Have you cast your vote yet? I have, first thing this morning. If you haven't, there's still plenty of time - 12 hours from the moment I am posting this to be exact. And yes, I have voted YES at the AV referendum (and for the Liberal Democrat in the local elections). Sadly, it seems that AV is going to be the losing option (just like the Lib Dem candidate in a staunchly Tory area I live in). Or maybe not. Maybe if you go out and vote (yes, of course) it may swing the result. Don't get conned by those first-past-the-post proponents who tell you that AV dilutes the one-person-one-vote principle. As a matter of fact, there is no worse system for spoiling one-person-one-vote than FPTP. How else to explain a majority voting for one party while the other one gets absolute majority in the legislature (see what happened in Canadian elections just the other day)? True, alternative vote does not fix the problem fully. If you want your vote to really count (as part of block of votes of people who share your views) then we should have switched to a fully proportional voting system where X% of the vote gives a party X% of the seats (or close enough not to make a difference). AV is a kind of a half way house between FPTP and proportional, but in my not-so-humble opinion it is the change in the right direction. Oh, there'll be more coalition governments, but it was never a given that that is necessarily a bad thing.

So, go out and vote for AV. Now. I mean it. NOW!

Wednesday, 4 May 2011

Science: In Good Stead

We are all too painfully aware how little average person knows about science...

In fact, and worse, it is not so much that an average person knows little about science as how little science an average person knows. Here I certainly do not mean deep and arcane branches of science like quantum mechanics, molecular biology, or clinical biochemistry. What I have in mind are centuries old friends of basic Newtonian physics, Mendelian genetics and suchlike. I should have really included Darwin's theory of evolution, but that is such a touchy topic that it's best left out of what I intend to be a brief and non-confrontational post. And, to boot, these topics are not very difficult to grasp either. I am sure an average person is perfectly capable of understanding them. What seems to be a problem is twofold. For one, there is this received "wisdom" that science is hard and not something and average person is capable of handling. Then, possibly more importantly, there is general unawareness of potential usefulness of basic general science in everyday life. And it is useful, and often in unexpected places. I'll give just one example: if you need to move a carpet a few inches on the floor using only one foot (e.g. you're holding up a table that sits on it with your other three extremities), do you push or pull? I won't even go into the waste that goes into filing - and then rejecting - patent applications that try to beat basic laws of thermodynamics (e.g. generating power by making water flow through a thinning pipe). So what is to be done? I think that early education must not just feed science to pupils (even if in funny and interesting ways). There should be a parallel effort (maybe even as a separate subject) to show children where in everyday, ordinary lives application of scientific knowledge can benefit them. Oh, and make basic science compulsory - and tested - throughout schooling.

Now, if I could only remember enough science to skip having to vacuum this Saturday...

Food: Belated

Yes, I know. I missed my usual Tuesday's food post...

But, as ever, I have an excuse: I was too busy. Surely most of you know how it is coming back to the office after almost two weeks' holiday. A mountain of e-mail, and only a bit smaller amount of chats to have with colleagues - not least about the holiday just passed. Which is not to say that I only ever blog from the office. I don't. Honestly. But yesterday I was also way too busy at home - not least with enjoying the nice food and drink of home. As you may remember Barcelona left me wanting in terms of both food and drink. Happily, the service has now resumed as usual with all the different things offered by Blighty. I haven't yet ventured as far as a pub or a restaurant, but I think the time is right to do one or both today. In that vein here's my recommendation: gorgeous Indian food in Paprika, and a pint (or three) of a lovely guest ale at the Prince of Wales. A very British choice. No question about it. But at least here I can choose both cuisine and drinks to suit, rather than be limited to what Barcelona had to offer - which was not a lot.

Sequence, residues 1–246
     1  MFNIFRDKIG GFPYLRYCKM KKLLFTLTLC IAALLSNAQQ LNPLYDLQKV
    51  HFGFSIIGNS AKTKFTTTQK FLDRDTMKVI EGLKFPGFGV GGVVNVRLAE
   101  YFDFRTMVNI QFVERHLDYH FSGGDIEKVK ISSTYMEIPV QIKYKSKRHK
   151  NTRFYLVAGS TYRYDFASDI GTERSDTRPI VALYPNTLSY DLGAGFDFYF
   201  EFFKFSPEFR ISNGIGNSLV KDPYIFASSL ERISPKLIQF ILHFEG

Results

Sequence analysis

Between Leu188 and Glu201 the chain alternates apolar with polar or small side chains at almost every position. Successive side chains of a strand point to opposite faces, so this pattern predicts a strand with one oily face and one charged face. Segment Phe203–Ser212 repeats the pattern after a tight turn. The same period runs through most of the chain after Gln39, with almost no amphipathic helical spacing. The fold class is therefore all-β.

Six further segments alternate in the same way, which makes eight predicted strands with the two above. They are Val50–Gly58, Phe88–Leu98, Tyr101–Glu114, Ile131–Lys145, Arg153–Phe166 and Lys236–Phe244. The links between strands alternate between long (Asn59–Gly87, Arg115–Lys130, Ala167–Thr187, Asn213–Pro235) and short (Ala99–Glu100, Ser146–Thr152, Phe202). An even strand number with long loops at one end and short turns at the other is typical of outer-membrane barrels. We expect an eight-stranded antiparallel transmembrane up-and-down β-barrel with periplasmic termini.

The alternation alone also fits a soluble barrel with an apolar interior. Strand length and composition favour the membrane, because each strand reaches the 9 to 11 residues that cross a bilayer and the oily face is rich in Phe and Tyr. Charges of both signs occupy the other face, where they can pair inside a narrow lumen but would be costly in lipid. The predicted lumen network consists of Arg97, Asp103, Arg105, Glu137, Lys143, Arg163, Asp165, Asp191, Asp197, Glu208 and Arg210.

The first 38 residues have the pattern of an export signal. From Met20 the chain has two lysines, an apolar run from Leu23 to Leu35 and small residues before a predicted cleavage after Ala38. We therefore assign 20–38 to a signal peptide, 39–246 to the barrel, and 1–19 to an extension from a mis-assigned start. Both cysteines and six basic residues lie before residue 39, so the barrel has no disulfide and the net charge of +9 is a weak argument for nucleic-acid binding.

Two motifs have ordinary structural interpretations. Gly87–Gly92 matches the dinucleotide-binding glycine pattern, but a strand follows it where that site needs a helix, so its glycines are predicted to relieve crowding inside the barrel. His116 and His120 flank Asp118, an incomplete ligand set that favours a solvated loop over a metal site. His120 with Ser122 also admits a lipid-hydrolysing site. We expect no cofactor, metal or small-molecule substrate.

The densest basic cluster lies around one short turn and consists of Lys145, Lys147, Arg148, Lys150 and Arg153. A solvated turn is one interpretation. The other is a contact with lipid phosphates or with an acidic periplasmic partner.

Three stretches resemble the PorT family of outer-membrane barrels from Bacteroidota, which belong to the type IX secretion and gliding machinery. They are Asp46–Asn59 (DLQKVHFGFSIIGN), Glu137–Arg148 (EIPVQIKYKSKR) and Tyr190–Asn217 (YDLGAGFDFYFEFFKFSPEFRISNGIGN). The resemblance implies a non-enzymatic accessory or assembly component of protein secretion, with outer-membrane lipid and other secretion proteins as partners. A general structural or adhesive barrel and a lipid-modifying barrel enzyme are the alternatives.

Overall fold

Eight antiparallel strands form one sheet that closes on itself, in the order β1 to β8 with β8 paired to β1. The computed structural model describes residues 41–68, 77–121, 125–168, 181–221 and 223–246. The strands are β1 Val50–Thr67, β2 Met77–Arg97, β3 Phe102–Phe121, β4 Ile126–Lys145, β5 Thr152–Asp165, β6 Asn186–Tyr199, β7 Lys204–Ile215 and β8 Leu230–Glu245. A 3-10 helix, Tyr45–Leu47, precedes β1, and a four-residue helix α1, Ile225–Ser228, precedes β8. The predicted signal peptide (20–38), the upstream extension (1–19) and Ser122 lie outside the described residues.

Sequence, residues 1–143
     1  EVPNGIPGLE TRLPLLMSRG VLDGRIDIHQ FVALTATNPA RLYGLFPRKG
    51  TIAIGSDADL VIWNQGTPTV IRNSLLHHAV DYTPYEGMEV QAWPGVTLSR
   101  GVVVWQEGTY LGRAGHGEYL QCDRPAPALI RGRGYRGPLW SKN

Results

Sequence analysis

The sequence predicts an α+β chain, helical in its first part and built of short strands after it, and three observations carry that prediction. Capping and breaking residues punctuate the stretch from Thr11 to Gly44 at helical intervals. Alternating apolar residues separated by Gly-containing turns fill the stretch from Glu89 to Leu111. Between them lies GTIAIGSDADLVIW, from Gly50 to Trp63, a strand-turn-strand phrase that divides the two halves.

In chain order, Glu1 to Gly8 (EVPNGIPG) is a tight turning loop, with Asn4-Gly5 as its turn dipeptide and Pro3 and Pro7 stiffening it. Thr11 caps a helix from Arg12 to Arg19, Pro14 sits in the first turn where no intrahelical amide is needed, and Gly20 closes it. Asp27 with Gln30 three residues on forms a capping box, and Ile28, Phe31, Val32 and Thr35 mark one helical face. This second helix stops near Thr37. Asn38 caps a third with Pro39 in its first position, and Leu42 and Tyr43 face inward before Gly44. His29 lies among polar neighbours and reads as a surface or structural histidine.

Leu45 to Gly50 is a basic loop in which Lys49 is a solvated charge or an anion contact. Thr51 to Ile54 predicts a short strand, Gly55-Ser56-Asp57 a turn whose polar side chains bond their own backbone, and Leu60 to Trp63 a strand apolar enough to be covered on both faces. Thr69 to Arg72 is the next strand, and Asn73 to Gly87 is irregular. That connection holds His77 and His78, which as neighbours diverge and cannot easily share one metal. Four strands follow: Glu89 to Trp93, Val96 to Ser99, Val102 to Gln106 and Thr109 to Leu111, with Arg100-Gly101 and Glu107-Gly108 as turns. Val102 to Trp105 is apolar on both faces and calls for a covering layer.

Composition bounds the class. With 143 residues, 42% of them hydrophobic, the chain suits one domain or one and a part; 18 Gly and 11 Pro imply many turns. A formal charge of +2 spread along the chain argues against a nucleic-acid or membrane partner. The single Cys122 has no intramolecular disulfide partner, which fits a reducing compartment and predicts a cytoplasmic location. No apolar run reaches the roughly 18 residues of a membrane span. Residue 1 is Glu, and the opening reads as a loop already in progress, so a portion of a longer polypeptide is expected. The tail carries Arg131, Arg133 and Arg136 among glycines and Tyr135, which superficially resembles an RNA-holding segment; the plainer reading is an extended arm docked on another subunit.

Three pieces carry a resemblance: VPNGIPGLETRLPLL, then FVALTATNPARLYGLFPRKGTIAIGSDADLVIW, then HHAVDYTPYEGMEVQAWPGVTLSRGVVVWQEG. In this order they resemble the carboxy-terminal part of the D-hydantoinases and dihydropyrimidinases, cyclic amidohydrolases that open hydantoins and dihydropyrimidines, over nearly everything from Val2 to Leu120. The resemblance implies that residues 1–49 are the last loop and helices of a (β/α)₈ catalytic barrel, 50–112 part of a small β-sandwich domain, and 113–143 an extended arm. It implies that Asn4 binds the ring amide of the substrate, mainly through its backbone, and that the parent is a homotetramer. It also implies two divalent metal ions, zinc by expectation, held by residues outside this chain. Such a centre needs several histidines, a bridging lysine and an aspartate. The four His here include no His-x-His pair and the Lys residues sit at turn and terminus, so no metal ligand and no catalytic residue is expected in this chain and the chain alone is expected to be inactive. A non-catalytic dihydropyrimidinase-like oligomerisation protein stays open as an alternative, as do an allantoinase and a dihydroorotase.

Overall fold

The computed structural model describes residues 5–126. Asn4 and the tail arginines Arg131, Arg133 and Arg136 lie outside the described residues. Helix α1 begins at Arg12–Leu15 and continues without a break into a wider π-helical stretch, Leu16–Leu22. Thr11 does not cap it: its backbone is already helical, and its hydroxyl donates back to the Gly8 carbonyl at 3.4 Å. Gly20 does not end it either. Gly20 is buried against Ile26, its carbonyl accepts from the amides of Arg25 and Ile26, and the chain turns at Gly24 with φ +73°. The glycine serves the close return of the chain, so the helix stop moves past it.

Here's hoping next trip doesn't leave me wishing for fish and chips...

Monday, 2 May 2011

Business: As Usual?

So Osama bin Laden has finally been found and killed...

A true victory for US intelligence and ground troupes. A sea burial is also a nice touch. Let's just hope it was done in the Muslim way so as not to unnecessarily anger even the ones who otherwise might not have supported bin Laden. Which brings me to the thorny question of what happens next. Will this really be a great defeat of Al-Qaeda? A beginning of a new wave of reprisals and radicalisation? Or will it really be business as usual (a business angle after all)? I mean, BBC itself uses the phrase "[b]in Laden had approved the 9/11 attacks" (emphasis is mine). Not planned or organised - "approved", presumably somebody else's plans and organisation. Will that somebody else (or, more likely, those somebodies) continue to do more of the same? What good is guerilla movement if it falls apart when a leader dies?

Oh, just to make sure it's clear: I'm not in any way supporting Muslim (or any other, for that matter) radicalism and especially not terrorism. What I am trying to warn of is the danger of complacency - believing the credits will roll "The End" now that Osama bin Laden is dead. I'm sure the security professionals know this already, but I also think that the media should (gently) point out to the masses that a great battle might have been won, but that the war is still on. One more thing: yes, I said "war", but this again does not mean that I necessarily subscribe to the way current US "war on terror" is being or has been conducted. "Hearts and minds" seems to have been sadly neglected in favour of guns and mines. But that is maybe a topic for another day.

Today, I fear, is just a blip in (terror) business as usual...

Sunday, 1 May 2011

Religion: Too Nice

No, of course religion ain't too nice. Matter of fact, it ain't nice at all...

Am I too nice then? Nope. Wouldn't ever be so presumptuous. I mean, would a nice person drop in on a Catholic mass in Barcelona proudly displaying their "Good without God" BHA badge? 'Course not. So, it's not me being nice, let alone "too nice", today. So what is it then? It's the weather, stupid - to abuse a well known phrase. So, I won't bother myself too much about religion today. Or anything else serious, for that matter. I think the order of the day is a slow walk to a nice The Swan Inn pub, right at the foot of the Farnborough airport runway, and then - also slowly - imbibing on some nice real ale. After all, it's been way too long since I had one. The one meagre Greene King IPA I found in the fridge last night when I got from the airport doesn't count. It's good, and it did sate me, but something much nicer is needed right about now.

So, fare thee well blogging - welcome a real ale in the sun...